The following non-limiting Examples are presented to facilitate understanding of the present invention.
A composition containing about 40 grams per liter of H4EDTA, about 24.5 grams per liter of NaCOOH, about 20 grams per liter of Na2SO4; about 0.2 grams per liter of GAFAC RE-610 and a pH of about 4 is introduced into an 18 liter cell having a total anode area of about 1.7 square meters and an area to volume ratio of about 30 m-1 at a flow rate of about 0.126.times.10 -3 M3/seconds. The current density is about 10.sup.mA /cm.sup.2. The process is continued for about 24 hours. FIGS. 9 and 10 illustrate the concentration reduction of the H4EDTA and the TOC respectively as a function of time. The chelating agent is oxidized to its fundamental components of CO2, NH3 and H2O. The other organic materials in the composition are oxidized to CO2, NH3, and H2O.
Example 1 is repeated except that the initial composition contains about 1.4 grams per liter of H4EDTA, about 24.5 grams per liter of NaCOOH, about 20 grams per liter of NA2SO4, about 0.2 grams per liter of GAFAC RE-610 and has a pH initially of about 4. The results from a 24 hour run are illustrated in FIGS. 11 and 12. FIG. 11 shows the concentration reduction of the H4EDTA as a function of time and FIG. 12 shows the levels of TOC as function of time.
The above examples clearly illustrate the effectiveness of the present invention in decomposing the organic materials in the composition to CO2, NH4, H2O and H2 to result in a composition ready for general rinse and meeting government regulations for disposal to the environment.
FIG. 1 illustrates a flow chart of the process pursuant to the present invention.
FIG. 2 is an isometric view of an electrolytic cell that can be used for decomposing organic materials pursuant to the present invention.
FIGS. 3 and 4 illustrate the effect of various anode materials in the electrolytic composition process.
FIG. 5 illustrates durability tests carried out on an anode material employed pursuant to the present invention.
FIG. 6 illustrates decomposition reactions of ethylene diamine tetraacetic acid.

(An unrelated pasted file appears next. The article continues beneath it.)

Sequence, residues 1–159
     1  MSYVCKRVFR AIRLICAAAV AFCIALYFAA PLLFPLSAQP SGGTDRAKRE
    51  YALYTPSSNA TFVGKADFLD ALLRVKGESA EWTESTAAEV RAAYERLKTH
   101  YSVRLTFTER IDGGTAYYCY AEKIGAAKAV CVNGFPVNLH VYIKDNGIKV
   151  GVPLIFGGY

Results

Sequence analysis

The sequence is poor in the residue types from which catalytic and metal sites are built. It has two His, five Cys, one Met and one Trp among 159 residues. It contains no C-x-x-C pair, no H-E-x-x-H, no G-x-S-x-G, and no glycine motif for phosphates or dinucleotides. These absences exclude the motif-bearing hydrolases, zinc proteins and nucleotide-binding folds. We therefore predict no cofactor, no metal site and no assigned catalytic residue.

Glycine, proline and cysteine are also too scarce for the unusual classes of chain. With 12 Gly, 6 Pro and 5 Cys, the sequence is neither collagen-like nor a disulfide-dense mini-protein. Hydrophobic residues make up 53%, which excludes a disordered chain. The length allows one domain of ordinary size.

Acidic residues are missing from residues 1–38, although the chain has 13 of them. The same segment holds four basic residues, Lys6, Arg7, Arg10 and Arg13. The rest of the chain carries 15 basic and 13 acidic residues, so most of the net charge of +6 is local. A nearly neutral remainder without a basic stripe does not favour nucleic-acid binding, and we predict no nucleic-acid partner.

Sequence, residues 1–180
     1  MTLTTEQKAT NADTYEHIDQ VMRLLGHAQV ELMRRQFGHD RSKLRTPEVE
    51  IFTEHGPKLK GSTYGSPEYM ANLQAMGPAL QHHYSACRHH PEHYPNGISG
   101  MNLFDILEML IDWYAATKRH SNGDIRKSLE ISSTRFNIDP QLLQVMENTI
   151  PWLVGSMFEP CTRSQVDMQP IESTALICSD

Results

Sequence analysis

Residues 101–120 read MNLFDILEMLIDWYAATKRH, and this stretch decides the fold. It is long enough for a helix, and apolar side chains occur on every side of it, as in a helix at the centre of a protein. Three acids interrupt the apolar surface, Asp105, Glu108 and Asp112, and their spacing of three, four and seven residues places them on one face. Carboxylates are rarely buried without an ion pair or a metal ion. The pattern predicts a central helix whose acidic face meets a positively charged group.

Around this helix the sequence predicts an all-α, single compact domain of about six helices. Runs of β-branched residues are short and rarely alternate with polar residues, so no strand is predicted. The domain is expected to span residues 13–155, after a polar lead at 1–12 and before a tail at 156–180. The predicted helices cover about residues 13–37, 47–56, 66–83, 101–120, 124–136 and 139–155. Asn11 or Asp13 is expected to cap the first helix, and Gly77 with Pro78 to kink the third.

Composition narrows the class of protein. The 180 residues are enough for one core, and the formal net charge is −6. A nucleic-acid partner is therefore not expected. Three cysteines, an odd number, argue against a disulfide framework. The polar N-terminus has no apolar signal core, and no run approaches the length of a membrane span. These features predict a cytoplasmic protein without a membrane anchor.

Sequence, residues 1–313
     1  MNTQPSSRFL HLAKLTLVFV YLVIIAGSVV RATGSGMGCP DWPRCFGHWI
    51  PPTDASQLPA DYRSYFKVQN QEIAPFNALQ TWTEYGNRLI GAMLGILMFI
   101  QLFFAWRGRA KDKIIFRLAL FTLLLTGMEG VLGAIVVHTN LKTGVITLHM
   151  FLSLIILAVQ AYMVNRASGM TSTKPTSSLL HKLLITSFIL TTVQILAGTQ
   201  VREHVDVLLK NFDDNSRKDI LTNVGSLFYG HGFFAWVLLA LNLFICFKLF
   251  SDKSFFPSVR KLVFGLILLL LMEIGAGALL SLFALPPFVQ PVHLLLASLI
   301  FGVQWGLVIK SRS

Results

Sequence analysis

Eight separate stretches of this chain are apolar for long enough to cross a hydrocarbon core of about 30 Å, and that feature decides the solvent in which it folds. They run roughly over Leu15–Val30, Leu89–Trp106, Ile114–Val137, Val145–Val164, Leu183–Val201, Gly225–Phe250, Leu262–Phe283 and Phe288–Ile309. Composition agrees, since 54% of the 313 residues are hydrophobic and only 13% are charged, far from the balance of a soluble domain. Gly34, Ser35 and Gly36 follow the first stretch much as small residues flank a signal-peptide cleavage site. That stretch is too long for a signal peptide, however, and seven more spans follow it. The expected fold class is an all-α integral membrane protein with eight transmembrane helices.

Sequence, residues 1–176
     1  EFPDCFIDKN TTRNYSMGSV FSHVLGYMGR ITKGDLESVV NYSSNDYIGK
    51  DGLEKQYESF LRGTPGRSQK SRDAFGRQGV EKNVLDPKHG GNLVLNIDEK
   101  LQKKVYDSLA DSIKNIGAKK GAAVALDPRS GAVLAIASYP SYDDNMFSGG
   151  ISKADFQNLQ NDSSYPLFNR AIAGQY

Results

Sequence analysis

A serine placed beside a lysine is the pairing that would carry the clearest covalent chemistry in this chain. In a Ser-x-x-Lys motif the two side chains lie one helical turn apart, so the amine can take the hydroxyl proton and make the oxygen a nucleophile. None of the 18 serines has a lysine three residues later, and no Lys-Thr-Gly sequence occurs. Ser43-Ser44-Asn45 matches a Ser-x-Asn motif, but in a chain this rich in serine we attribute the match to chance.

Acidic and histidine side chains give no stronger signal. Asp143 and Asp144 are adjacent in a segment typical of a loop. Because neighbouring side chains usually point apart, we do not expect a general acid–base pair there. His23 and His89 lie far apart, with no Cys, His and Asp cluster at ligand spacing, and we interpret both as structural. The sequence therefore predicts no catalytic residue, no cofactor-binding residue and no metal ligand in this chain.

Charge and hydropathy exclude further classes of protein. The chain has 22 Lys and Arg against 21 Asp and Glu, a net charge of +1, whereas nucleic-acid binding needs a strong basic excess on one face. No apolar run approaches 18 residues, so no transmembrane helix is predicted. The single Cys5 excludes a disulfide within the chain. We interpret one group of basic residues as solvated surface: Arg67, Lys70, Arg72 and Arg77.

FIG. 7 illustrates the rate of destruction of ethylene diamine tetraacetic acid as a function of the area to volume ratio of the anode employed.
FIG. 8 illustrates the rate of destruction of formate as function of the area to volume ratio of the anode.
FIGS. 9 and 11 illustrate the concentration reduction of H4 EDTA as a function of time.
FIGS. 10 and 12 illustrate the level of TOC as a function of time.
1. Technical Field
The present invention is concerned with a process for reducing the TOC (Total Organic Content) of an aqueous composition to 200 ppm or less by subjecting the composition to electrolysis. The present invention is especially suitable for treating electroless metal plating compositions. The process of the present invention finds particular applicability when used in conjunction with procedures to reduce the metal ion content in the electroless metal plating composition followed by precipitating out solid organic complexing agent. The present invention is also concerned with apparatus that is capable of carrying out the process of the present invention.
2. Background Art
Electroless metal plating baths, such as copper baths, are used in the electronics industry as a means to uniformly plate circuit boards and cards including those that contain complex patterns and circuity. The wide use of electroless plating baths such as copper, nickel and gold electroless plating baths is a concern since such lead to chemical waste streams that require treatment. For instance, such baths, due to the nature of its steady state operation, generate an overflow. This overflow contains the same concentration of chemicals as the baths which includes both the feed chemicals and certain reaction by-products. For example, electroless copper plating baths generally contain cupric ions, a reducing agent, and a complexing agent for the cupric ions. Moreover, the bath may contain numerous other chemicals such as, for instance, cyanide ions as disclosed in U.S. Pat. No. 3,844,799 Underkofler et al. and a surfactant. With respect to electroless copper plating processes attention is also directed to U.S. Pat. No. 4,152,467 to Alpaugh et al.
The overflow from the plating bath is not usable in its initial form, although reclamation of certain feed chemicals is possible. Accordingly, the composition that remains following reclamation must be treated in order to meet government standards that control the disposal of chemicals into the environment. For instance, overflow chemical waste streams from such processes are currently processed to remove copper and recover and recycle the complexing agent such as the ethylene diamine tetraacetic acid in a sequence of steps commonly referred to as "primary recovery." One such "primary recovery" technique is disclosed in U.S. Pat. No. 4,734,175 to Bissinger and assigned to the assignee of the present application, International Business Machines Corporation, disclosure of which is incorporated herein by reference. Such process involves removing copper from a plating bath overflow composition by an electrolysis procedure to plate out copper, (i.e., deplating) from the solution onto copper cathodes. Sufficient copper is removed so that its content is below 20 milligrams/liter. In addition to the presence of any remaining copper, the effluent resulting from such a treatment contains complexing agent for the copper and relatively large amounts of dissolved organic and inorganic salts.